Does love need law?
“The law of love is the ultimate law because it is the negation of law; it is absolute because it concerns everything concrete. The paradox of final revelation, overcoming the conflict between absolutism and relativism, is love. The love of Jesus as the Christ, which is the manifestation of the divine love—and only this—embraces everything concrete in self and world. Love is always love; that is its static and absolute side. But love is always dependent on that which is loved, and therefore it is unable to force finite elements on finite existence in the name of an assumed absolute.”
Tillich Sys. Theo. V.I p. 152
I once had it put to me that love needs law to give it structure. I rejected that notion then, and I reject it now. Tillich says it well. To accept that love needs law is to risk a situation where love and law conflict. Such a conflict is embraced by some who declare that “yes God is love… but God is also _______ (holy, just, righteous, etc.).
This is problematic. If the love of God is one attribute among others, we do not have a God on our hands, but a demon. For only the demonic is essentially disintegrated and in conflict with itself.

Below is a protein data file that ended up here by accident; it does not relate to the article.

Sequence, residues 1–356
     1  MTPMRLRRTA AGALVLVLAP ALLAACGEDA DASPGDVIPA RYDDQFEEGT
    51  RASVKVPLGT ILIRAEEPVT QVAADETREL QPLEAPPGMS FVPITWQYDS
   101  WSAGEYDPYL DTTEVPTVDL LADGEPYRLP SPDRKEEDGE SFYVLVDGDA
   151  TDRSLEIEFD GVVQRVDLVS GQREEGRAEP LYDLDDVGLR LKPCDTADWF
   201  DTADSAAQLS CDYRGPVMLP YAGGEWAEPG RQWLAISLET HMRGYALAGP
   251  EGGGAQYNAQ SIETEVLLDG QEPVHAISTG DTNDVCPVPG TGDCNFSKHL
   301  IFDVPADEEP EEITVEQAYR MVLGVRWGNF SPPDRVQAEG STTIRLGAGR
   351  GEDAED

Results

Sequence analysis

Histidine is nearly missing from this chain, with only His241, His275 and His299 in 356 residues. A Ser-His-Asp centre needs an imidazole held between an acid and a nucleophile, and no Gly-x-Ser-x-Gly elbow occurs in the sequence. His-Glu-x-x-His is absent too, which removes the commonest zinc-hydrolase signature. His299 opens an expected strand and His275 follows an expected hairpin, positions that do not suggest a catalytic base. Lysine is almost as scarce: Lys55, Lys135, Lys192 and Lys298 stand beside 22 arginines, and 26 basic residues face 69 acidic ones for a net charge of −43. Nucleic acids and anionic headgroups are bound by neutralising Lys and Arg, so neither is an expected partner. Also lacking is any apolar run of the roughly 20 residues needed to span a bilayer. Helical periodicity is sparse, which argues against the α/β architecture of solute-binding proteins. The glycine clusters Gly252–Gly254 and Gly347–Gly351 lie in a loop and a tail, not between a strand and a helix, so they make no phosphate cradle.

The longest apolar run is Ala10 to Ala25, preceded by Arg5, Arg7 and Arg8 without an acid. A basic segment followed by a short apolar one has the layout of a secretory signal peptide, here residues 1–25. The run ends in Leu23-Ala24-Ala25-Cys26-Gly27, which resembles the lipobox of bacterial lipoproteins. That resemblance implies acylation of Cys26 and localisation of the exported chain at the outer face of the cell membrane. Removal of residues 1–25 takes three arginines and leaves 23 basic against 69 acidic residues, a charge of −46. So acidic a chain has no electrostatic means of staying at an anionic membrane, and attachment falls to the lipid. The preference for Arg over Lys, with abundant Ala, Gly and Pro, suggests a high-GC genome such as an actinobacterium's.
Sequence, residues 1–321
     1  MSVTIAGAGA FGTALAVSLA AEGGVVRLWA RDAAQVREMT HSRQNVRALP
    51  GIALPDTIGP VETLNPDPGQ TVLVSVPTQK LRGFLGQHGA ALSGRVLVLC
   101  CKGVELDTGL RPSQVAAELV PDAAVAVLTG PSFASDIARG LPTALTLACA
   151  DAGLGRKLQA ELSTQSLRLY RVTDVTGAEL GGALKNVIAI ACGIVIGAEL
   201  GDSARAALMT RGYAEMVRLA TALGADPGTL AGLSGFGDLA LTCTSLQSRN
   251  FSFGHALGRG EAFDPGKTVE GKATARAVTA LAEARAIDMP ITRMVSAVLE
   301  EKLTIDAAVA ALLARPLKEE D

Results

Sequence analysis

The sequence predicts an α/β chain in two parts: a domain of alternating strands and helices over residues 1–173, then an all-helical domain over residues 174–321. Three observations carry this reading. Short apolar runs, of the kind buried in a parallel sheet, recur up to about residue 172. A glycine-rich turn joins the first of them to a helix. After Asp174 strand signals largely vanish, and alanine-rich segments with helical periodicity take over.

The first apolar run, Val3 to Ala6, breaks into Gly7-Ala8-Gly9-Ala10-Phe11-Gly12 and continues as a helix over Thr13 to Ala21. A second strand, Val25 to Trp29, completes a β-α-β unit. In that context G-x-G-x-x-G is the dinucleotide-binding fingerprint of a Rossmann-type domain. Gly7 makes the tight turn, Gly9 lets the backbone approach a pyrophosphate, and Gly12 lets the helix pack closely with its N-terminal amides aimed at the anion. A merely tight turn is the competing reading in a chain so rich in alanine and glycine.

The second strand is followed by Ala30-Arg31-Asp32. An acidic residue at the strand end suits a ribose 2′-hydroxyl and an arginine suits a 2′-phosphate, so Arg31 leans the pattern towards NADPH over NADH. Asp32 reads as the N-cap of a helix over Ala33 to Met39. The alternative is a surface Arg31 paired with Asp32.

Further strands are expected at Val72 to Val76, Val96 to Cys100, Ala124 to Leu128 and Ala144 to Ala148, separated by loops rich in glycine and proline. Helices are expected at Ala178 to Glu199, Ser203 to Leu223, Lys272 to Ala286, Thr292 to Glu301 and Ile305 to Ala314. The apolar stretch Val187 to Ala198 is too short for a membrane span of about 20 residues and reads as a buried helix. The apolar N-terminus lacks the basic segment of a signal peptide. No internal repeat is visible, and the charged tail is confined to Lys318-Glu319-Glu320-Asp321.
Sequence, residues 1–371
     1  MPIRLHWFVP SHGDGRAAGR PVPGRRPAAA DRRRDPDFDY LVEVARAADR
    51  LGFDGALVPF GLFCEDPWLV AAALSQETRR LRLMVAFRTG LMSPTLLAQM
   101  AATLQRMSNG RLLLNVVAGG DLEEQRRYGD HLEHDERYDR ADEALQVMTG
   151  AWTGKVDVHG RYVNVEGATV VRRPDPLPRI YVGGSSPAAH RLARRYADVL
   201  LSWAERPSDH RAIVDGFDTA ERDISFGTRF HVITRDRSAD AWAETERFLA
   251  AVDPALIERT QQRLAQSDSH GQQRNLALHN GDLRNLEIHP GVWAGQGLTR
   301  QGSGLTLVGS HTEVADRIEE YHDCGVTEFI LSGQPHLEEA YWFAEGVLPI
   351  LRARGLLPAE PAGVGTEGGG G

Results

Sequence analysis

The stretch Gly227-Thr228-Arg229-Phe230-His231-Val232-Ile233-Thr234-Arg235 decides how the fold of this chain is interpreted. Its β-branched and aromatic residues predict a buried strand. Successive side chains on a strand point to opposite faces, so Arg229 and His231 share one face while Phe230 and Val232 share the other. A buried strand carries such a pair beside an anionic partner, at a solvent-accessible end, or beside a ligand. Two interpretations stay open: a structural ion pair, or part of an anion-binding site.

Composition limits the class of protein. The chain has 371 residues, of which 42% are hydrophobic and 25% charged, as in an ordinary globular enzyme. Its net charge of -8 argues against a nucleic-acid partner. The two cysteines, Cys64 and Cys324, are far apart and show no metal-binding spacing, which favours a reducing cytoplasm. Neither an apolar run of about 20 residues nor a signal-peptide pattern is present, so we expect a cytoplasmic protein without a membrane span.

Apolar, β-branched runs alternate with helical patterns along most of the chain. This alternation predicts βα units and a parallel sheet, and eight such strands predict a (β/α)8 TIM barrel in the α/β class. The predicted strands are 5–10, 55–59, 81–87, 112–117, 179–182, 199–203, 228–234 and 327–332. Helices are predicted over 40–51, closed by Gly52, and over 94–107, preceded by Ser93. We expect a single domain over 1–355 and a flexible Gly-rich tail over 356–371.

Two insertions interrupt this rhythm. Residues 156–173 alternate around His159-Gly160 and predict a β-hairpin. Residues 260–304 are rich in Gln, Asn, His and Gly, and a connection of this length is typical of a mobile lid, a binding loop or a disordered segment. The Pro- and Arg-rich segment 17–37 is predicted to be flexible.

Yet, it is true that in the existential situation our attempts at love go wrong. Often badly. It is here we feel the temptation to appeal to some “divine law” other than love to help condition our attempts at loving well. In evangelical circles this is usually in the form of an appeal to certain bits of Scripture. “Wives are to submit to their husbands;” it might be said, or perhaps “homosexuality is a sin;” or even “men ought not have long hair and tattoos are sinful.” It is thought that following these prescriptions/prohibitions will help us avoid the problem of botching our attempts at loving well.
The trouble is, it doesn’t work. Such lazy (or perhaps, nervous) uses of Scripture tend to create situations where exclusion rather than embrace occur. Rather than the self-negating love of Christ, we arrive at self-righteous, or at least fearful, distance. What happens when the long haired gay man next door offers to rake the fearful Christian’s yard? Where is the love of Christ being fulfilled?
Jesus did not bring a new law (neither did Paul for that matter). Jesus revealed God, and that revelation was displayed in a love which poured out all for all. It is thus in the paradox of the “law of love” where we see what ought to be the Christian’s ultimate concern—the center of our faith—the inclusive stance of a love that surrenders all for the other, the despised, the enemy, the “least of these,” your brother, your boss, political opponents, liberals, fundamentalists, atheists, Muslims, extremists. To follow Christ is as easy—and as hard—as that.
It’s impossible. It’s beautiful. It’s the Kingdom of God. And it is, and may be, in our midst.